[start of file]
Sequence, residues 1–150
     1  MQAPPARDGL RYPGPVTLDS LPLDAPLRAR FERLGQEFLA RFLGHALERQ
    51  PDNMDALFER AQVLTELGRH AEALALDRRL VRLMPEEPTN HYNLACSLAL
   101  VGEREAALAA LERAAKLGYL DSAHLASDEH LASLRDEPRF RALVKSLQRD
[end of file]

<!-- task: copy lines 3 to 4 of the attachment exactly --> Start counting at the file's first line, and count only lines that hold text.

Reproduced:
    51  PDNMDALFER AQVLTELGRH AEALALDRRL VRLMPEEPTN HYNLACSLAL
   101  VGEREAALAA LERAAKLGYL DSAHLASDEH LASLRDEPRF RALVKSLQRD